Myth busted! Contrary to popular belief, a majority of kids enjoy summer reading.
The Scholastic Kids & Family Reading Report™: 6th Edition shows that 62% of kids ages 6–17 agree that, "I really enjoy reading over the summer," and the top reasons why are: "I just enjoy reading" and "it's a fun way to pass the time."
Even though a majority kids enjoy reading during the summer, we also learned many kids need support when reading for fun during summer vacation. Research shows one in five 12-17 year-olds and one in five kids in lower-income families do not read any books at all over the summer.
So what can we do to ensure all children discover the power and joy of reading for fun over the summmer?
In a recent press release about the Scholastic Summer Reading Challenge, Michael Haggen, Chief Academic Officer, Scholastic Education discusses the importance of turning the "summer slide" into the "summer leap" with access to great books through full community engagement:
"...Too many kids read no books at all during the summer, putting themselves at risk to experience significant learning loss while school is not in session. We also know that the encouragement of parents and educators is key to motivating students to read all summer. Through [summer reading programs such as] the Scholastic Summer Reading Challenge, schools, families and students find the resources they need to help turn the “summer slide” into the “summer leap.”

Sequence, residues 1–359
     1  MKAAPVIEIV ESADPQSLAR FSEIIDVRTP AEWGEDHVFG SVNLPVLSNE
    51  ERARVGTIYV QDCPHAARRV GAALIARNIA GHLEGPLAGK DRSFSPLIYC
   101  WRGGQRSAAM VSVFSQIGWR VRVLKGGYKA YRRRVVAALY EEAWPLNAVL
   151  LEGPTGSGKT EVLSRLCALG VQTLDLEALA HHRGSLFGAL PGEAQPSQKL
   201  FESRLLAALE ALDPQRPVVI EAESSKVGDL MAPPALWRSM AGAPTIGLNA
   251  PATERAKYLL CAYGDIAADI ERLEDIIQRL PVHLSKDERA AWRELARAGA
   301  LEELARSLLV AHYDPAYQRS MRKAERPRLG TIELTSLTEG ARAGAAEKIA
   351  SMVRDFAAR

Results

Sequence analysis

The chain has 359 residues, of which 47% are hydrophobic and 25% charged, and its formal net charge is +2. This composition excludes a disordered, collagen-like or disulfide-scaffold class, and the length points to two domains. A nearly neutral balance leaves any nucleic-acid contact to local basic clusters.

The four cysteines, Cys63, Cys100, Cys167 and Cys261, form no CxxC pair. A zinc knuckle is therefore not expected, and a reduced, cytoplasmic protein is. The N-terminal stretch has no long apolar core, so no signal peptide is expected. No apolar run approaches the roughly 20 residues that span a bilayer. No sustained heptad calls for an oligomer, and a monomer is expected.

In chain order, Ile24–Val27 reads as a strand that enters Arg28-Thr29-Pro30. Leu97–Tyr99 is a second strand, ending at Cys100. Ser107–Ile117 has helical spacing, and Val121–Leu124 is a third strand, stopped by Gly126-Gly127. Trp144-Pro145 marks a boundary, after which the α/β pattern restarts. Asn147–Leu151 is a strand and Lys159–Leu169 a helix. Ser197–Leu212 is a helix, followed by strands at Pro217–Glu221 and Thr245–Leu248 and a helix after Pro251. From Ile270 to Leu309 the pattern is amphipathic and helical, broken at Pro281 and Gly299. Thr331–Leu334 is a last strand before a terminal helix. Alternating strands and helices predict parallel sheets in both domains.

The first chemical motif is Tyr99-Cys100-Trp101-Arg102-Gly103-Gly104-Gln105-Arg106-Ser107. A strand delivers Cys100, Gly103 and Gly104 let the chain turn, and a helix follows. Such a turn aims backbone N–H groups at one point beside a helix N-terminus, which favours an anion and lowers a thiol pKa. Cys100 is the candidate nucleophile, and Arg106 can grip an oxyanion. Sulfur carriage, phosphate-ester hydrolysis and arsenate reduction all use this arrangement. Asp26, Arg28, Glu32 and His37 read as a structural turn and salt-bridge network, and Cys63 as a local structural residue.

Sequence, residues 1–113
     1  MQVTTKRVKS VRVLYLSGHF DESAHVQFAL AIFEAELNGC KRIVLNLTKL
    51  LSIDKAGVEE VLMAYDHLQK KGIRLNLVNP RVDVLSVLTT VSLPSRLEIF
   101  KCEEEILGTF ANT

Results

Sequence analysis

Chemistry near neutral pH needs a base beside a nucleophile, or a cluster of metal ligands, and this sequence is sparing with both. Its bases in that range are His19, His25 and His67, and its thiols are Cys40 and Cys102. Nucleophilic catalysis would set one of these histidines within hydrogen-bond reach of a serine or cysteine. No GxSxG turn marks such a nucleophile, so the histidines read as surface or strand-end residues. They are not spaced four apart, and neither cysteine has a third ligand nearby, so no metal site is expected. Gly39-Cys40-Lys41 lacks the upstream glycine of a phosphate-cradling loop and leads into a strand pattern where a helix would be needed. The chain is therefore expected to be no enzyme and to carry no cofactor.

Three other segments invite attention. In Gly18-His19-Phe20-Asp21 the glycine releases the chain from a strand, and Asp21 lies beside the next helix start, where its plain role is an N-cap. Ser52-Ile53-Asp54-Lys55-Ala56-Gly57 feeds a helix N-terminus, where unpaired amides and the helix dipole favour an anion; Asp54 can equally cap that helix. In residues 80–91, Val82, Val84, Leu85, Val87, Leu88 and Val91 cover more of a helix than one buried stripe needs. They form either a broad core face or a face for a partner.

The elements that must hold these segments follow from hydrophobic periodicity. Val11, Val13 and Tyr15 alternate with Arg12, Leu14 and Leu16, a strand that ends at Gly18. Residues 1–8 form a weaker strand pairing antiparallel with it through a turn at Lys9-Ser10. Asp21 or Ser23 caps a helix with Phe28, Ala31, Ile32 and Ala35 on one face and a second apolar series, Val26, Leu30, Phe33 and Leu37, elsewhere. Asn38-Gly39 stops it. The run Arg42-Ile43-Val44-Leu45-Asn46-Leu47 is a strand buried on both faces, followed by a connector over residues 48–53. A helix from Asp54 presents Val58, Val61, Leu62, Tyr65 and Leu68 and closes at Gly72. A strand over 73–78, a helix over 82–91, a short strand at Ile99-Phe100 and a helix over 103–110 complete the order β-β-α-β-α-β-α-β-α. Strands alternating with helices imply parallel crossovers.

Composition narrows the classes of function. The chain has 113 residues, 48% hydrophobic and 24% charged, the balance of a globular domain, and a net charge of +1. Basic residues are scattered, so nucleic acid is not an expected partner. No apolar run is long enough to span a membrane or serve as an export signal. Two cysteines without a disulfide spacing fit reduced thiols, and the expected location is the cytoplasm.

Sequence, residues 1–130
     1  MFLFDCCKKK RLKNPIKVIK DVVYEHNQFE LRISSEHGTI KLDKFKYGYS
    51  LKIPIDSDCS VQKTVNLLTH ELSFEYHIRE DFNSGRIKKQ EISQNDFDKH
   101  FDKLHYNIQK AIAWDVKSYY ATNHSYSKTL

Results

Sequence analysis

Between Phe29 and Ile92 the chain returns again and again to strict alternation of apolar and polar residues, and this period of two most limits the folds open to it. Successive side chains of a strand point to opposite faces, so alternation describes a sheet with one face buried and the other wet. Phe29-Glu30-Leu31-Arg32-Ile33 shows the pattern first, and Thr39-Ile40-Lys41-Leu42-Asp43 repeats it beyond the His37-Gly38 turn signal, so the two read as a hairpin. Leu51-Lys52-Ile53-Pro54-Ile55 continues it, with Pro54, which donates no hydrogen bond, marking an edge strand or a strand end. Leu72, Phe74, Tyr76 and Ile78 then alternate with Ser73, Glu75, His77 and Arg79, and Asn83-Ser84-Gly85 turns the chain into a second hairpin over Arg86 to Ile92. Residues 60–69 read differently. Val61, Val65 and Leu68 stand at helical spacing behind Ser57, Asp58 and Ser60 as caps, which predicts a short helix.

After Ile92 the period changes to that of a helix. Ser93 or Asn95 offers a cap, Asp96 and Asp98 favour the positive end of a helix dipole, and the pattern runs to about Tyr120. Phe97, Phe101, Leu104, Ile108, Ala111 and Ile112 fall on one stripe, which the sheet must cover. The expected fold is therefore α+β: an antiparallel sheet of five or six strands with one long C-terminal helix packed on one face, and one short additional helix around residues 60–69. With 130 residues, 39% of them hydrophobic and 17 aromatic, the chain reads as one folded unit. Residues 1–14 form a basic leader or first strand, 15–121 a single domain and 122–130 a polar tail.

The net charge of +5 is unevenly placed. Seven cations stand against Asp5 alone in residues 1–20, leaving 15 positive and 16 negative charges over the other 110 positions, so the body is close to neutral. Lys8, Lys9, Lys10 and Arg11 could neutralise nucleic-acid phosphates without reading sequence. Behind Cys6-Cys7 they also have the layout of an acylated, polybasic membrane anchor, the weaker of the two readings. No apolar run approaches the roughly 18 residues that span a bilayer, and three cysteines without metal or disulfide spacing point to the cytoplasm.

According to the Kids & Family Reading Report, nearly half of all parents with children ages 6–17 (48%) have heard of the “summer slide,” and lower-income parents are far less likely to have heard of this phenomenon (38%). Parents say teachers and schools are the number one source of information on the "summer slide." Families, be sure to ask your child's teacher about the "summer slide" and book ideas before summer break. Remember, look to local communty events, such as our Scholastic Summer Reading Road Trip (a mobile book festival to celebrate summer reading: http://summerroadtrip.scholastic), at the closet public library or community center to gain access to free summer reading activities that promote literacy.
To learn more about the state of kids and summer reading in the U.S., visit scholastic.com/readingreport on the latest findings from our nationally representative survey of parents and kids.